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Old 11-20-2012, 02:12 AM   #16
atomicalex
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Agree with the above. You did a good job of switching bikes- maybe too good! Changing everything (front tyre, powerband, gearing, weight distribution, steering geometry, suspension) all at once might have been too much for you to just roll with.

However... You're not dropping it every day. So you do know how to ride it. You have figured out what the differences are, and their magnitudes. This is key.

I think you just need to put in a lot of low-speed practice time. Basic excercises. Get your muscle memory reset to handle the new bike.

You won't turn it into a Triple. The dealer can't help there, and neither can Touratech. But you can turn yourself into a GS rider. Whether that's desirable or not, well...
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Old 11-20-2012, 04:14 AM   #17
foxtrapper
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Quote:
Originally Posted by ItalianRider View Post
Could be.

I always "felt" the Triple. I always knew what the bike was doing.

This one I don't feel at all.
This may be it in a nutshell for you. We've all had or ridden bikes that were just wrong for us. This one may simply be a very wrong bike for you, and one you cannot or do not handle well.

Perhaps you can modify the bike, and certainly taking an advanced rider MSF course would help. But, if you really aren't happy with the bike, sometimes the best choice is to replace the bike with one you are happy with.
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Old 11-20-2012, 04:25 AM   #18
Pantah
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I think you just don't know how to ride yet. You have zero sense for what your motorcycle is capable of or not. If you survive you will eventually stop falling off and become somewhat competant in most conditions.
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Old 11-20-2012, 05:37 AM   #19
ferrol
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I had a stalling issue on my GS when I got it, came from Honda so wasn't used to the differnence in engine.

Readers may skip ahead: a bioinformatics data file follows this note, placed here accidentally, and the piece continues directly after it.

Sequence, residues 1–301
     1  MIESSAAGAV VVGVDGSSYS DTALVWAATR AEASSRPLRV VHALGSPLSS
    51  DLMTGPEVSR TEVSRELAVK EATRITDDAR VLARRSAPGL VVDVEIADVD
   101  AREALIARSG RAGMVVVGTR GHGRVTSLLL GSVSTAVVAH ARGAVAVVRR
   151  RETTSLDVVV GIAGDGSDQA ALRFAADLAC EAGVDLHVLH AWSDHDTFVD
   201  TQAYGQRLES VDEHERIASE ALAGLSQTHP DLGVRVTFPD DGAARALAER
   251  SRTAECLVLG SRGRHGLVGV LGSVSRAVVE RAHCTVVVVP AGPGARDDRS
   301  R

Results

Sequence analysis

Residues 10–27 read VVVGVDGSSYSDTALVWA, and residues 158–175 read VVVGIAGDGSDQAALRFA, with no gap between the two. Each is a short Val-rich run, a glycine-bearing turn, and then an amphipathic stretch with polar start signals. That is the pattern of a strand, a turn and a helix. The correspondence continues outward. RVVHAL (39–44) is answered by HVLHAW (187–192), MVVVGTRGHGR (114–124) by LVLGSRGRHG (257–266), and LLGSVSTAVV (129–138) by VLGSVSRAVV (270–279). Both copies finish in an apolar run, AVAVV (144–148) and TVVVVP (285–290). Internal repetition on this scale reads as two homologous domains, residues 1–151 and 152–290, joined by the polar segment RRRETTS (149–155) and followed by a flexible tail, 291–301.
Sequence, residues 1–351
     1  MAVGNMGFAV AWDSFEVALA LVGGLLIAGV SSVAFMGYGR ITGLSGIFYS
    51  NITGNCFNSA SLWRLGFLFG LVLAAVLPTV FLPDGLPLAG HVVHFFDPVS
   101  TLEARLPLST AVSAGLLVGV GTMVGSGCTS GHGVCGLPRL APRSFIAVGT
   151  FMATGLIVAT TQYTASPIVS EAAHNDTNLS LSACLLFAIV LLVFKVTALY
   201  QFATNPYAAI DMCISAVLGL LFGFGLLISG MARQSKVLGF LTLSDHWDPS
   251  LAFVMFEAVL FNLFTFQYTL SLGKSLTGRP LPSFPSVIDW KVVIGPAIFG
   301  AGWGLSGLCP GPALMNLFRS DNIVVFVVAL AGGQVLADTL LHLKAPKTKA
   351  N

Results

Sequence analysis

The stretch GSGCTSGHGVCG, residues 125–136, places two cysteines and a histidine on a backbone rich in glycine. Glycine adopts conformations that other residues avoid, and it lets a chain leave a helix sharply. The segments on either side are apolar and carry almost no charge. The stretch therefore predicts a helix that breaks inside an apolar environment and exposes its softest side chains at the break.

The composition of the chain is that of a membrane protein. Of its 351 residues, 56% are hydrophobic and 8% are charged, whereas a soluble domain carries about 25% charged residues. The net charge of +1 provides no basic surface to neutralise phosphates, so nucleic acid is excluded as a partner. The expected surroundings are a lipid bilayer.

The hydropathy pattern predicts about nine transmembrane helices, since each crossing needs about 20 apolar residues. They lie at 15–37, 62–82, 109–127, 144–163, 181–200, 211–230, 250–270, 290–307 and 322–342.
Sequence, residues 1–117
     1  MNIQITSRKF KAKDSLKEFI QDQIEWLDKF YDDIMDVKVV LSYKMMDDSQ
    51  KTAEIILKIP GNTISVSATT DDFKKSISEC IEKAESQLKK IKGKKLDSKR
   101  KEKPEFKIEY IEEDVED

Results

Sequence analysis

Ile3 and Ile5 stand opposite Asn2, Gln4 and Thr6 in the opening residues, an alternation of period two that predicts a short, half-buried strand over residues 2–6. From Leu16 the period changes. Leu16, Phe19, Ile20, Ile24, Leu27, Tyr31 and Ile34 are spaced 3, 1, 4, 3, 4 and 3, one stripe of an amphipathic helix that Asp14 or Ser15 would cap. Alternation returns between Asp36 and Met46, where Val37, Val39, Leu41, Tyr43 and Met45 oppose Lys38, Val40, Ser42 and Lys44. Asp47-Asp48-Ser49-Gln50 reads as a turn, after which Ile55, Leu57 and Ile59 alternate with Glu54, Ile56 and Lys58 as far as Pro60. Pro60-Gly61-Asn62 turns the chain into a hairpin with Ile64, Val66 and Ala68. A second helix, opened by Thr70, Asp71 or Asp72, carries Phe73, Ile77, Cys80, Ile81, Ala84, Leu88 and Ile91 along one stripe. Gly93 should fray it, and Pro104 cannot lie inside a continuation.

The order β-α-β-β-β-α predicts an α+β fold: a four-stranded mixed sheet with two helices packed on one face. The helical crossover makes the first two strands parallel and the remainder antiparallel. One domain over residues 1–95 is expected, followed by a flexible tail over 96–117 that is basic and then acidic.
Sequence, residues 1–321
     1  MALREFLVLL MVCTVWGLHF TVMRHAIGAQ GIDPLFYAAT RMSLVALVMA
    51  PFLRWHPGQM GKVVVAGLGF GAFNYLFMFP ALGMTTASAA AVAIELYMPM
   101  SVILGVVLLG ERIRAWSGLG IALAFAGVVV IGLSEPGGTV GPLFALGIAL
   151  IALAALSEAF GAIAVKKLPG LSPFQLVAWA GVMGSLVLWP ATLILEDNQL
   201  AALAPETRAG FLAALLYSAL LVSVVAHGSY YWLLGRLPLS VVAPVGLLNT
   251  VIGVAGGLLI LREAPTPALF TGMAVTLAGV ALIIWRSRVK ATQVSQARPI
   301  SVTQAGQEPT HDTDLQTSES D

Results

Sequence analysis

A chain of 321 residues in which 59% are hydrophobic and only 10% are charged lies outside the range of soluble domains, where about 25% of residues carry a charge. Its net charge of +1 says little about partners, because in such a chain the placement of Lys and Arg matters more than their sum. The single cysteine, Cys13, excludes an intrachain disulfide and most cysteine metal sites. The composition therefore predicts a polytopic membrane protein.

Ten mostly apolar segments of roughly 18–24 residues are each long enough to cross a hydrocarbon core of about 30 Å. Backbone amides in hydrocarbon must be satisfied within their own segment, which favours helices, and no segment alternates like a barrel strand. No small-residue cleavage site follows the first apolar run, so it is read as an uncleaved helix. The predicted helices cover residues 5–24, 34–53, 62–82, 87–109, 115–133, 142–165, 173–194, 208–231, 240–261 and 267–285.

Later realised the GS needs more throttle/RPM to be happy on slow manoeuvres, this learnt after dropping it twice on either side with 2 weeks of getting it. But I had just fitted the engine bars so was a good test.

You don't stop learning when riding I found. (Not sure if I phrased that right but you get my point)
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Old 11-20-2012, 06:47 AM   #20
lulo
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my .2 cents ....as you have already guessed it the issue is probably that your trying to ride your f700 like your triple, and theyre 2 worlds appart handling wise.

for instance i now own a buell xb12 and a klr, i dont ride my uly like i ride my klr, front end feel is worlds appart.... its all mostly the wheel size and spring rate/suspension

while the small 17 fatty wheel is more planted, the larger slightly narrower 19' wheel gives a more vague feel to the whole suspension, your over turning that big slim wheel just to get to get it to do the same the small wheel used to do w just subtle inputs, thats why sportier bikes have fattier smalller 17 wheels, to make it flick easier from side to side, where on the f700 meant to go on unpaved roads you want that larger wheel which wheel feel more planted going over rocks and large potholes.

spring rates are a key issue here, on the street oriented bike the spring rate is stiffer hence pushing the tyre more into the ground... plus you have a wide range of load adjustment between soft and hard.....on your 700 i dont believe there any preload adjustment at all and even if so, this bike is geared more towards riding in diff terrains hence a more neutral softy rate from factory, when going off road a softer spring rate is good cause it will absorb the rocks bumps and potholes but on the street a spring rate that soft just makes the bike feel unplanted and undisconnected to the road.